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George R. Overly v. Global Credit & Collection Corp.

IN THE UNITED STATES DISTRICT COURT FOR THE MIDDLE DISTRICT OF PENNSYLVANIA


July 6, 2011

GEORGE R. OVERLY,
PLAINTIFF,
v.
GLOBAL CREDIT & COLLECTION CORP., INC., DEFENDANT.

The opinion of the court was delivered by: Magistrate Judge Carlson

MEMORANDUM OPINION

I. Statement of Facts and of the Case

This case is an action brought under the Fair Debt Collection Practices Act (hereafter "FDCPA") 15 U.S.C. §1692, et seq. This matter now comes before the Court for assessment of costs and fees following the entry of an offer of judgment in favor of the plaintiff. (Docs. 13-15.)

The plaintiff commenced this action by filing a complaint on November 18, 2010, and paying the required $350 filing fee. (Doc. 1.) A summons issued and that summons was returned executed by the plaintiff on December 14, 2010. (Doc. 3.) When initial discussions between the parties revealed that the plaintiff's original complaint might be timed barred under the FDCPA's one-year statute of limitations, the plaintiff filed an amended complaint on January 20, 2011, which added factual averments within this limitations period. (Doc. 4.) The defendants filed an answer to the complaint on February 4, 2011, (Doc. 5), and a case management plan was prepared, (Doc. 10), but before an initial case management conference could be scheduled the parties announced that they had reached a settlement of this dispute. (Docs. 13-16.) Under the terms of that settlement the defendant agreed to pay damages of $1,001, as well as "reasonable attorney fees as agreed to by the parties, or if no agreement can be reached, as determined by the Court on motion." (Doc. 14.)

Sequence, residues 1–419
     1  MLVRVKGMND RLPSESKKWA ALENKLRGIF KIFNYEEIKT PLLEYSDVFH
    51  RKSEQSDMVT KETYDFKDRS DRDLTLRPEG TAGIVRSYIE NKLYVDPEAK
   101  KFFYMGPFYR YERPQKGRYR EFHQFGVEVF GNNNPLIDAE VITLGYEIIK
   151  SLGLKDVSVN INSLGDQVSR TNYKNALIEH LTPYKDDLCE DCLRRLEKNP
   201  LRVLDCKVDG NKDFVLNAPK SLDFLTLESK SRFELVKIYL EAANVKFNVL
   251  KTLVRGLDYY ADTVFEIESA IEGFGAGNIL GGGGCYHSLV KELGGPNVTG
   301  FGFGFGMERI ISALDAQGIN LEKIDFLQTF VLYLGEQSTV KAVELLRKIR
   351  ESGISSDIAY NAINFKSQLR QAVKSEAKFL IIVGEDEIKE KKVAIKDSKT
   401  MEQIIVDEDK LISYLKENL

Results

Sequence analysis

While the parties apparently had some halting e-mail exchanges relating to attorney fees, this exchange did not result in an agreement on fees, in part because it appears that the parties may have been inadvertently misdirecting some of their e-mail communications. (Doc. 18.) Accordingly, the plaintiff filed a motion for attorney fees and costs on June 3, 2011. (Doc. 16.) This motion sought to recover filing costs of $350.00, and attorney and paralegal fees of $8,642.00, for total costs and fees of $8,992.00. (Doc. 16.) The defendant has filed a response to this fee petition, which challenges various components of these fee claims, and urges the Court to award fees and costs totaling $2,987.50. (Doc. 18.) Thus, this matter is now ripe for resolution.

Having conducted an independent review of this petition and response, for the reasons set forth below, it is ordered that the petition is granted, in part, and denied, in part, and judgment is entered in favor of the plaintiff on this petition in the amount of $5,746.00, consisting of costs of $350.00, and attorney's fees of $5,396.00.

II. Discussion

(A) Legal Standards Governing Costs, and Attorney's Fee Calculations Under The Fair Debt Collection Practice Act